Gold Prices Expected To Surge To New Highs As Interest Rates Rises Slated To Stop

According to industry analysts, gold prices will rise to record highs above $2,000 per ounce this year, albeit with some turbulence, as the United States slows and eventually stops raising interest rates.

Spot gold prices have risen above $1,900 per ounce, up about 18% since early November, as inflationary pressures ease and markets anticipate less aggressive monetary policy from the United States Federal Reserve.

Rapidly rising interest rates slashed gold prices last year, sending them as low as $1,613.60 in September from a high of $2,069.89 in March – just shy of a record high in 2020.

Higher interest rates boosted bond returns, making non-yielding gold less appealing to financial investors, and pushed the dollar to its highest level in 20 years, making dollar-priced gold more expensive for many buyers. ,

The weakening of the US dollar and bond yields “will become macro tailwinds for the yellow metal, pushing gold above $2,000/oz in the coming months,” according to Bank of America analysts.

With the dollar and bonds under less pressure, investors are likely to buy bullion as a hedge against inflation and economic turbulence, according to WisdomTree analyst Nitesh Shah, who added that prices could easily rise above $2,100 per ounce by year’s end.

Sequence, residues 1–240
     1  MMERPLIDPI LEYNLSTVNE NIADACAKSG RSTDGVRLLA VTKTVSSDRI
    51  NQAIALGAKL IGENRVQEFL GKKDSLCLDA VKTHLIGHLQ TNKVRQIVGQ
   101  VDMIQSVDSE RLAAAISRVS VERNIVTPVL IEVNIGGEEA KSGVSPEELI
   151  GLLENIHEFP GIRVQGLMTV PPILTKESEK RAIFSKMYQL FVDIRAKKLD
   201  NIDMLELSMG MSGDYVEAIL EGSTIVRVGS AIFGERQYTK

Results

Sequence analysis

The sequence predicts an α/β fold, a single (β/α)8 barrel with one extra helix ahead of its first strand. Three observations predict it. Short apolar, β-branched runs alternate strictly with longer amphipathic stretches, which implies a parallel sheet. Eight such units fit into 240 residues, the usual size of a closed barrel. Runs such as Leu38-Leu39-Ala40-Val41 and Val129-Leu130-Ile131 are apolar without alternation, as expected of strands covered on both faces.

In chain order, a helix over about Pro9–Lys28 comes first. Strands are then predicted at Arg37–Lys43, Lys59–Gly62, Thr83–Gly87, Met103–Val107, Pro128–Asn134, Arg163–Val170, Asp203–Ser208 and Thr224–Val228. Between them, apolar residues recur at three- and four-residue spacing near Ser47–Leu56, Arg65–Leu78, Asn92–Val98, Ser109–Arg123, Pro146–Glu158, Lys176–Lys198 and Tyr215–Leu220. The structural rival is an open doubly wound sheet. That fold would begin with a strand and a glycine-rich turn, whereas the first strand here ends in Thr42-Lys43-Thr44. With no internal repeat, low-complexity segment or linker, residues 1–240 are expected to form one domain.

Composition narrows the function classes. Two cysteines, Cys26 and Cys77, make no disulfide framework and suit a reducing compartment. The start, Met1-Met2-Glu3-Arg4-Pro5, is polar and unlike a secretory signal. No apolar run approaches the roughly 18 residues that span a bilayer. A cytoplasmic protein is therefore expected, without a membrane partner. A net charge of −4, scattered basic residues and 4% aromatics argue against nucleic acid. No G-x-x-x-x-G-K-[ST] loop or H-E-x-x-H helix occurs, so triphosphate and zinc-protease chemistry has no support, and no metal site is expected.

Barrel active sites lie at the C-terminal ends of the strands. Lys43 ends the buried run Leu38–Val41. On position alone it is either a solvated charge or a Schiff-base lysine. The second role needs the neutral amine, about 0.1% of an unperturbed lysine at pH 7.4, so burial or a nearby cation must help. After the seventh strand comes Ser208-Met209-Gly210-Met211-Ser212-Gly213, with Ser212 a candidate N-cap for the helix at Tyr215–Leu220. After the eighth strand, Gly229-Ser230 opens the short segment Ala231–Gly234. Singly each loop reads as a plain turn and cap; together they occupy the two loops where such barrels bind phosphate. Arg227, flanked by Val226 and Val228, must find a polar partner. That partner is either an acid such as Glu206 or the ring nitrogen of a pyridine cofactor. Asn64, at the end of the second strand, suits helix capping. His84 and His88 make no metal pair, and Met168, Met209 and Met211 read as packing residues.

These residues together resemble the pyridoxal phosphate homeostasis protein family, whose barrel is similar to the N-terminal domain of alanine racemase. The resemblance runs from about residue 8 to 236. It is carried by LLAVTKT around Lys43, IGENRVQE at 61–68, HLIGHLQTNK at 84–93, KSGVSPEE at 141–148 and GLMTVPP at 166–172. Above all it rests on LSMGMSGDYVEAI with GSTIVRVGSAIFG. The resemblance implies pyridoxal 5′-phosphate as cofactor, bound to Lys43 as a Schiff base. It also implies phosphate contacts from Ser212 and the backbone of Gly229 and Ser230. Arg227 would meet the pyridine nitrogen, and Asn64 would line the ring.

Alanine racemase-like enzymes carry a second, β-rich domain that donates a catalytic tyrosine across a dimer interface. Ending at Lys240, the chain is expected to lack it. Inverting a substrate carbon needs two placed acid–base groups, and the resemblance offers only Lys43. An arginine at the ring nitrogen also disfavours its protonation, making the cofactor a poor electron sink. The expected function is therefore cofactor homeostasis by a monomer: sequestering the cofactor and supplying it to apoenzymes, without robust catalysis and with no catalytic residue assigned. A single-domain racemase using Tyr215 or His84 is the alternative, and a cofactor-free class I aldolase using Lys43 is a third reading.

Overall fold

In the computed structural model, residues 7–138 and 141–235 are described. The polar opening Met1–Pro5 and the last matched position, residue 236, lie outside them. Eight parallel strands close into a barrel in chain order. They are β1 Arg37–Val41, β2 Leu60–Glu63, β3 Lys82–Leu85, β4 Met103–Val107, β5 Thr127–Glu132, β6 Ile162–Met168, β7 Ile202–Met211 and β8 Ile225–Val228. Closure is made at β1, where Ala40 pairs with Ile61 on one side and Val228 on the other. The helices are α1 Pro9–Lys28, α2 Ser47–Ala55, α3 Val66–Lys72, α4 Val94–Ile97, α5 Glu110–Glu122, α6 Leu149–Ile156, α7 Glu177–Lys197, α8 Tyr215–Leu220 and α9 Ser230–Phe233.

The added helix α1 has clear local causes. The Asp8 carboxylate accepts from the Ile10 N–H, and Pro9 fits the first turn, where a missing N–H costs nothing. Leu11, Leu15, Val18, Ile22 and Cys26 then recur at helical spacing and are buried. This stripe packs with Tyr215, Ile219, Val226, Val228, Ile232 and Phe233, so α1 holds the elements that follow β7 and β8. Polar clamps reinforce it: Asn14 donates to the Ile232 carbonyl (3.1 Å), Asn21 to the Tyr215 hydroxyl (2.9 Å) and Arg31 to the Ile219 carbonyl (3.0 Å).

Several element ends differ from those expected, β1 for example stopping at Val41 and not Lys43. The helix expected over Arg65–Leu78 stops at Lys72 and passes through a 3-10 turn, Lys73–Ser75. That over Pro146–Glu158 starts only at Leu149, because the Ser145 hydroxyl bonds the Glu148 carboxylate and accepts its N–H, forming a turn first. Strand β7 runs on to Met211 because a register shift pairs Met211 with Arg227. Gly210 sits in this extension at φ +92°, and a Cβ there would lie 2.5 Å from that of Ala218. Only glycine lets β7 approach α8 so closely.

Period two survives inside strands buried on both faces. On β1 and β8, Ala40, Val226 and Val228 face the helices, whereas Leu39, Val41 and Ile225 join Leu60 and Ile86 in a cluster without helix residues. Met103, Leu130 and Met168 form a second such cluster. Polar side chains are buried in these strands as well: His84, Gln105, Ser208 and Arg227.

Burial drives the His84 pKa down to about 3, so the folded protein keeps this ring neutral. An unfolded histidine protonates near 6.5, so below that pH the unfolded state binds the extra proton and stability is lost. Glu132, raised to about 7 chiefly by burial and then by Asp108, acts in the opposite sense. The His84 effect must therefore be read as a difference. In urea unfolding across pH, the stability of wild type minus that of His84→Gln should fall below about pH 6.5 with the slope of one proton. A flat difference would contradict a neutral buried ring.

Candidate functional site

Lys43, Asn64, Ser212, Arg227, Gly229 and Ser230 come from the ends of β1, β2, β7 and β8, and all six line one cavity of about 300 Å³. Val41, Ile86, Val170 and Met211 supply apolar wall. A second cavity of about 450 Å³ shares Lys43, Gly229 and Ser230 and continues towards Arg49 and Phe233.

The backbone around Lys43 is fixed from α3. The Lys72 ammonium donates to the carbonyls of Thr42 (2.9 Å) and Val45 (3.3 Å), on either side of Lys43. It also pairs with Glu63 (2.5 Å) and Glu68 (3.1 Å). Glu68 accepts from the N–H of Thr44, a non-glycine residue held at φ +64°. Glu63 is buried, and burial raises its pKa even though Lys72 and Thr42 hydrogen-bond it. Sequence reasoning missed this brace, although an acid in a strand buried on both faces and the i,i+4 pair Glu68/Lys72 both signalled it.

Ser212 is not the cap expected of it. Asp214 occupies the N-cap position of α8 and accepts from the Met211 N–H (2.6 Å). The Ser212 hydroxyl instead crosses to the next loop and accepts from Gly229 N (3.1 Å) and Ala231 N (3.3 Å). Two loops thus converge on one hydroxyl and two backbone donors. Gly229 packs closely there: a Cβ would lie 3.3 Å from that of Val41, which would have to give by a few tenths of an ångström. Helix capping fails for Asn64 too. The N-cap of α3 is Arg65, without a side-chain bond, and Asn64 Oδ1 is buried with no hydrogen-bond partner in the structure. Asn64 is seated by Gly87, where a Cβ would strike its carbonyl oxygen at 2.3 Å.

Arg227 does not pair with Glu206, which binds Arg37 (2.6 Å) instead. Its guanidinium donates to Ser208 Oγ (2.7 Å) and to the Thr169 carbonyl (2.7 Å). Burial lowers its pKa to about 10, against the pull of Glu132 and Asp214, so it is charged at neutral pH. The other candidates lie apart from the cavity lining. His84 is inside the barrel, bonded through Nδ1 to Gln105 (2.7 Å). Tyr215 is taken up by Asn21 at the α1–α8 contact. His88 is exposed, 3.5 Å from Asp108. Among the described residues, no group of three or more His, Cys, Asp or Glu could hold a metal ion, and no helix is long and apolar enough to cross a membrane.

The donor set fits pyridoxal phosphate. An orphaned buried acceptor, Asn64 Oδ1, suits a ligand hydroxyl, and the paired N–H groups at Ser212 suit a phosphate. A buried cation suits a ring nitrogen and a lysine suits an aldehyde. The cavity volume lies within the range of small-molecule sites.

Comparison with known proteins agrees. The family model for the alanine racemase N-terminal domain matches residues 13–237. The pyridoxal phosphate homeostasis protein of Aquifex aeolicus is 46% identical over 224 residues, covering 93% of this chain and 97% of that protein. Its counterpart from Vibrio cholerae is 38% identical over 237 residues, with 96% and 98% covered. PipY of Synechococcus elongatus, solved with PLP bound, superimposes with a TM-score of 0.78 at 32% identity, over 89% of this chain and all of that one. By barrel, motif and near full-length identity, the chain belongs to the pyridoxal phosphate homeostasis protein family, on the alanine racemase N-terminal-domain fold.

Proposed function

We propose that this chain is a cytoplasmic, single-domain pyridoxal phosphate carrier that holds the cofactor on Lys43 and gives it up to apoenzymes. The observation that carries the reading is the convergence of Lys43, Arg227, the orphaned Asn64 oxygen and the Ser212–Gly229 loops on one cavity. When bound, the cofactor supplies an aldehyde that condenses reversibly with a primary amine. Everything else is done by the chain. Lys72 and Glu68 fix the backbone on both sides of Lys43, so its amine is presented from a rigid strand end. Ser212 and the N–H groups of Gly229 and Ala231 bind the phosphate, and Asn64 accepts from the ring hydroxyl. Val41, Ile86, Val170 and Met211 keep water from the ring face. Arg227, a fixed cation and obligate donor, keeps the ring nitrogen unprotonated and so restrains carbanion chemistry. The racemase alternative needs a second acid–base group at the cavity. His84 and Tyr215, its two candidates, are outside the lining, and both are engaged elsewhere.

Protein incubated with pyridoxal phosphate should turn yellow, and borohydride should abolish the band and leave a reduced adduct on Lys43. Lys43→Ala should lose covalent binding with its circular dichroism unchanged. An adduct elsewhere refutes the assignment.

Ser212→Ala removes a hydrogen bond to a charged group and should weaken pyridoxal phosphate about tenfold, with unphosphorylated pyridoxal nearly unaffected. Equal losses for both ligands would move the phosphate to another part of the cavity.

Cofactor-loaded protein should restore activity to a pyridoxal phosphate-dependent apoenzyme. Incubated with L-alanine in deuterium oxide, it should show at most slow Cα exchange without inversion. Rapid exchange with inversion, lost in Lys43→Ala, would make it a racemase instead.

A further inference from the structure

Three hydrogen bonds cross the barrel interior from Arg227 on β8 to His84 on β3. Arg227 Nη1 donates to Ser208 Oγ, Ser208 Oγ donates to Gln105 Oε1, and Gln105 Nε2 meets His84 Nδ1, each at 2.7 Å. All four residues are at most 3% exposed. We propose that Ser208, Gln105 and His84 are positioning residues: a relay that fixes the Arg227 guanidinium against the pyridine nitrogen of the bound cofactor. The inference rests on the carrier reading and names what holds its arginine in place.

Gold has traditionally been regarded as a secure medium for storing wealth. “There is a high risk of central banks overdoing it and pushing their economies into recession,” Shah said.

Speculators who bet on gold prices falling in November have amassed a net long position in COMEX futures worth $16 billion, helping to push up prices.

According to the World Gold Council, central banks purchased more gold in the first nine months of 2022 than in any other year in the previous half-century.

Retail demand for gold bars and coins should remain strong, boosted by a rebound in economic growth in China, the world’s largest consumer market, according to ANZ analysts.

Analysts believe gold has gone too far too fast in the short term and needs to correct lower.

“Should prices fall from current levels to the $1,870–1,900 an ounce range, we expect the (upward) trend to reverse,” the bank said, adding that if gold falls below $1,800, it could slip to $1,730.

(Adapted from

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